• unless the application to file the notice includes a description of the area of the parcel and the interest to be affected by the expropriation, in a method contemplated by section 58(1) of the Land Title Act, that is contained in a written instrument in form and substance capable of registration as a charge under the Land Title Act.

PRACTICE

Preliminary Inspection of Notice and Plan

When an expropriating authority tenders a notice and plan for filing, the registrar gives the documents a preliminary inspection under s. 168 of the Land Title Act. The documents must meet all regular standards and requirements. The registrar also examines the notice for full compliance with the Expropriation Act and the Land Title Act. On satisfactory completion of the preliminary inspection, the registrar enters the notice in the register in the legal notation segment of title and enters the plan number in the miscellaneous notes segment. See s. 7 of this Act.

Entire Parcel Taken

In spite of s. 6(4)(b), if the expropriating authority takes an entire parcel, the authority need not attach a plan to the notice.

Expropriation of Limited Estate: Section 6(4)(e)(ii)

The registrar examines all notices that fall under s. 6(4)(e)(ii) to ensure that the limited estate to be acquired is registrable.

Interest Less Than Fee Simple Taken

If the expropriating authority takes an interest less than the fee simple, the authority must include with the notice an instrument in a form and substance capable of registration under the Land Title Act.

Requirements for Plans

Acceptance of Explanatory or Reference Plan

Where the registrar requires a plan, they may accept an explanatory plan or reference plan, depending on the circumstances. See the “Practice” discussion under s. 3 of the Act.

CROSS REFERENCES AND OTHER SOURCES OF INFORMATION

See Di Castri, Registration of Title to Land, vol. 3, para. 814.

CASE LAW

Application of the Act

The petitioners applied to set aside the municipality’s expropriation of a right of way over their lands for a sewer and water line due to the municipality’s failure to pass a bylaw before taking steps towards expropriation under the Act. The court held that the municipality had the power to expropriate and did not need to pass a bylaw to give notice of its intention to do so, provided that an expropriation bylaw was passed before the vesting notice was filed in the land title office pursuant to s. 23 of the Act (Erickson v. Kamloops (City), 1993 CanLII 1464 (BC SC)).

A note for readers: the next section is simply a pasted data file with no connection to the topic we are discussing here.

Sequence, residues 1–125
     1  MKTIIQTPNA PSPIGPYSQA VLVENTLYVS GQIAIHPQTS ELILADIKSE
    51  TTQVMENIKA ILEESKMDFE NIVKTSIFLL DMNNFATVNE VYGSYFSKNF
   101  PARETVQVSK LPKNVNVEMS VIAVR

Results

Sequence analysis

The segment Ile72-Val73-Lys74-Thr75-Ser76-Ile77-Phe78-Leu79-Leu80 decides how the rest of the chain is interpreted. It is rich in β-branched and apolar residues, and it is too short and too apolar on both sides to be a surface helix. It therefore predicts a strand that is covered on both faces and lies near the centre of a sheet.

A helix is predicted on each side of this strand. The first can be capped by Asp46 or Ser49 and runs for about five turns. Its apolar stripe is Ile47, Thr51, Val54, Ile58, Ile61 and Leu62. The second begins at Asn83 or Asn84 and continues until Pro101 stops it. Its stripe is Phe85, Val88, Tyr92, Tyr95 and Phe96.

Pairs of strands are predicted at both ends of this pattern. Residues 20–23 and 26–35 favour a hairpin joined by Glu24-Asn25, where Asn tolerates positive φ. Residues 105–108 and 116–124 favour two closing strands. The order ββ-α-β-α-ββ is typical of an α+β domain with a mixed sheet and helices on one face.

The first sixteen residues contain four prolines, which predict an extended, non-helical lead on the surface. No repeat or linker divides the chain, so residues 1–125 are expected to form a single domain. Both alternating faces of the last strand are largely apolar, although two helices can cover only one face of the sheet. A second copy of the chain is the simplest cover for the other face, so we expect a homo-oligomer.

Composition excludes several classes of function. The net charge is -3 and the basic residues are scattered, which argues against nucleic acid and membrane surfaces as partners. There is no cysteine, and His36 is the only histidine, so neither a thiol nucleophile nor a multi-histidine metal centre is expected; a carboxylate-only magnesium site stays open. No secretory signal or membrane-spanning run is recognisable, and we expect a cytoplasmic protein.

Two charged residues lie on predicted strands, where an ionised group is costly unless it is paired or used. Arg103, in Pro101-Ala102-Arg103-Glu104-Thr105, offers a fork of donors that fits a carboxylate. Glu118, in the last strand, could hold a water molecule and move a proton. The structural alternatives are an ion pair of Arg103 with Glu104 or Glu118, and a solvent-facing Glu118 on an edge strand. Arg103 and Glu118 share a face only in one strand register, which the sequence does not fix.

The respondent, a waterworks district, sought to expropriate land located outside the boundaries described in its letters patent. Accordingly, it passed a bylaw authorizing the expropriation under the provisions of the Act and, on the same day, requested by resolution that the Lieutenant Governor in Council extend the district’s boundaries to include the land to be expropriated. The district then filed an expropriation notice, explanatory plan, and application for deposit in the land title office and served the petitioner with the notice. Once the boundaries had been extended by an order in council, the district passed a new bylaw authorizing expropriation and repealing the original bylaw. The petitioner applied for an order declaring the expropriation notice and explanatory plan void and requiring that they be removed from his title. In related proceedings, the court had held that the district had no power to expropriate land outside its boundaries. However, in this case, the issue was whether the expropriation notice and plan had life independent of or prior to the passage of a valid expropriation bylaw. The court followed Erickson v. Kamloops (City), 1993 CanLII 1464 (BC SC), annotated above, and concluded that an expropriating bylaw need not be passed before the expropriation notice and reference plan are filed with the land title office. Furthermore, it is open for a municipality or improvement district to ratify its actions after the fact (Haughton v. Heffley Creek Waterworks District, 1995 CanLII 3267 (BC SC), affirmed 1997 CanLII 4019 (BC CA)).

An expropriating authority can only “intend” to expropriate land within the meaning of s. 6(1) after it has “proposed” to expropriate it within the meaning of s. 2(1), because it is the proposal that triggers the application of the Act. When the expropriating authority is empowered to expropriate under local government legislation, “intends” in s. 6(1) must mean the intent to act as empowered by a bylaw. Without a bylaw, the Expropriation Act does not apply and there can be no duty to serve an expropriation notice under s. 6(1). If a municipal council delays in acting on a bylaw, there is no penalty or compensation owing to a land owner under the Act, because council has not “intended” to act on it yet. However, if a court declares that the enactment of the bylaw has prejudiced the interests of the property owner to such an extent that the council has constructively expropriated the land owner’s interests, then council must provide compensation in accordance with the Expropriation Act (Purchase v. Terrace (City) (1995), 26 M.P.L.R. (2d) 126 (B.C.C.A.); see also the annotations for this decision under ss. 1, 2, and 19 of this Act).

Notice Obligations

See the annotation for British Columbia v. Schneider, 1995 CanLII 3115 (BC SC), appeal dismissed 1996 CanLII 3349 (BC CA), under s. 23 of this Act.